Apple has managed to secure quite a coup in the build up to the release of its Apple Music streaming service. Following a fallout with Taylor Swift over royalties not being paid to artists during a free trial period, Apple reversed the policy and has now signed on some of the world’s biggest collections of indie labels: 3AD, XL, Matador, Rough Trade and the Merlin Network, which represents some 20,000 labels worldwide.
In a letter sent to members of the Merlin Network, CEO Charles Caldans said (via Billboard): “I am pleased to say that Apple has made a decision to pay for all usage of Apple Music under the free trials on a per-play basis, as well as to modify a number of other terms that members had been communicating directly with Apple about. With these changes, we are happy to support the deal.”
Apple now has a much rosier future for its streaming service, which until its policy reversal, looked likely to be devoid of many of the world’s most popular artists, due to labels not securing what they felt was a fair deal. If anything, the fact that Taylor Swift was involved, helped divert attention away from Apple, even if it was the subject of her letter – since she became the story, rather than the problem.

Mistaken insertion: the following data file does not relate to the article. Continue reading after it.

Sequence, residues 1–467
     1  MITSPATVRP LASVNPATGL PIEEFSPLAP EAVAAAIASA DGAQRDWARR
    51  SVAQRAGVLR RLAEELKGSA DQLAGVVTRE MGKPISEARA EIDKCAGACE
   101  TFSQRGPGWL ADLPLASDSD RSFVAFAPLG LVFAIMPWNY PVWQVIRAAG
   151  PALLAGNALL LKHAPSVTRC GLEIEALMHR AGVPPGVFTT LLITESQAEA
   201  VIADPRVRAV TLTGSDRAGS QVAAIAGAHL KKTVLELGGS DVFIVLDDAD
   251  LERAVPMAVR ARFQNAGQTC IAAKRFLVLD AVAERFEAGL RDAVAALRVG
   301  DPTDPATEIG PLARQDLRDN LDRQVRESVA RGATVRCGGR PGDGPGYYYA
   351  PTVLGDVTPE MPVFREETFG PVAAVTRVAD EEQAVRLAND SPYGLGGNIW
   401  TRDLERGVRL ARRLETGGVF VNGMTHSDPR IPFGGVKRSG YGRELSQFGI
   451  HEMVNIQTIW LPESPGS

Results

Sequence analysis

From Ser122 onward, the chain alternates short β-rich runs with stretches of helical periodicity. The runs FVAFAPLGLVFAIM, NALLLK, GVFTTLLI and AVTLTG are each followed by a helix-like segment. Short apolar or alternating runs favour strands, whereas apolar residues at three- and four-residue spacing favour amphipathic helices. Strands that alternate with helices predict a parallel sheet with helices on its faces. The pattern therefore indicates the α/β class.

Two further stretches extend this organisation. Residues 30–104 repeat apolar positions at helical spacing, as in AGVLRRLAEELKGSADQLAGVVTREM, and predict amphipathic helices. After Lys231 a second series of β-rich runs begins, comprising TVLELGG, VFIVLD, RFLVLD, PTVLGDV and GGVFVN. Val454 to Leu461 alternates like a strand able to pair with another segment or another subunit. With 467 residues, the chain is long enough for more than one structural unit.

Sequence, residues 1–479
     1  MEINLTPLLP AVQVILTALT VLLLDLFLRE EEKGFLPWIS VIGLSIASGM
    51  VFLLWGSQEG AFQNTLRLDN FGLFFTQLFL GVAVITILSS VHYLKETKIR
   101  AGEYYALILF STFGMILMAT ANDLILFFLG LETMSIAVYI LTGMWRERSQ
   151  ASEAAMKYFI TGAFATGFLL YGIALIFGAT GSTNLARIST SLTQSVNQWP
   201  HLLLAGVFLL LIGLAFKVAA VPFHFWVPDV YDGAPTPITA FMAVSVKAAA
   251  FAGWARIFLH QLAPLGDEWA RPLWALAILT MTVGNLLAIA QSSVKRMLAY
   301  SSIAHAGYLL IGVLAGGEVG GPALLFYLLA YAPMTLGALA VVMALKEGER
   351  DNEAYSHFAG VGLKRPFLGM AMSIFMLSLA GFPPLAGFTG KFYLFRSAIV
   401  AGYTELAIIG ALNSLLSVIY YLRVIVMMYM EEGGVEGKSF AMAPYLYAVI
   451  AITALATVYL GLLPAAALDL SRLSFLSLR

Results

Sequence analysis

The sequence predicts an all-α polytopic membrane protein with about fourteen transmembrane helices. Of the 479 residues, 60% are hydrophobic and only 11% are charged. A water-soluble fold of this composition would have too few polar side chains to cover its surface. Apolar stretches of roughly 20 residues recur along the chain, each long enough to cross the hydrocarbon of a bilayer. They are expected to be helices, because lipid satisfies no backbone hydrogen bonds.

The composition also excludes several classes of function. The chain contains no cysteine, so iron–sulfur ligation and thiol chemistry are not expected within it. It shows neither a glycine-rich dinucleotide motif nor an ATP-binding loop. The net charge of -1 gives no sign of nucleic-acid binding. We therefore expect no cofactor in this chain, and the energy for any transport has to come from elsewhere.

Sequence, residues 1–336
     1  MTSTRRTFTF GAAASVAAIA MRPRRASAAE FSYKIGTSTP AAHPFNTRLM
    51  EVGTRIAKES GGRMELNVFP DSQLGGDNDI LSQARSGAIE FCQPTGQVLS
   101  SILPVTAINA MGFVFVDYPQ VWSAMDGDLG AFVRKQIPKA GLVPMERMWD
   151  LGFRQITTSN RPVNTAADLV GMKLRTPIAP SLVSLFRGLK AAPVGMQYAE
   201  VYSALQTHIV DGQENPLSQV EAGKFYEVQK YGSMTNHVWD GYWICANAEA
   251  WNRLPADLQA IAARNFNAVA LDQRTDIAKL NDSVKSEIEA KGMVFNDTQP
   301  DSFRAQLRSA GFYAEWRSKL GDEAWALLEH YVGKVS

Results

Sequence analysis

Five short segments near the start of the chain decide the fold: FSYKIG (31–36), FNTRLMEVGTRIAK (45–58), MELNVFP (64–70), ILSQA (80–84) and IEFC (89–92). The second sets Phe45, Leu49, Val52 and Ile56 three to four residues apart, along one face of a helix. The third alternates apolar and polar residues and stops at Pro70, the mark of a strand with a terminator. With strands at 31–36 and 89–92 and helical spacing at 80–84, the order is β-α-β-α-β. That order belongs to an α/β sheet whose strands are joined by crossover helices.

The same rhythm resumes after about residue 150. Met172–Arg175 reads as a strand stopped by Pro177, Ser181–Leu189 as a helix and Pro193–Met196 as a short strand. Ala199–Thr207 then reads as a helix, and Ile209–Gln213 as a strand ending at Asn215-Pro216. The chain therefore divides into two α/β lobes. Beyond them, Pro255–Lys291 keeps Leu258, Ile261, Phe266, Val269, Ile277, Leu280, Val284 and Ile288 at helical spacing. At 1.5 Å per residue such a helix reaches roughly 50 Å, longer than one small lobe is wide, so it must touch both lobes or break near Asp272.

This could also be a big win for Apple in that Spotify, its main rival in the streaming game, famously shunned Swift when she pulled her music after discovering that her royalty rate was less than a cent per song listen. At the time Spotify argued that it had paid her over two million dollars.
While likely to receive a lot more support from its core audience than a real new guy on the block, Apple has seen the difficulties Jay-Z’s Tidal service has had, so is likely keen to start off on the right foot by pleasing as many people as possible – even if it means paying out more than it wanted to.
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KitGuru Says: As much as Apple didn’t become the company it is for being generous, it does purportedly have close to $200 billion liquid cash. It can afford to pay a few more artists.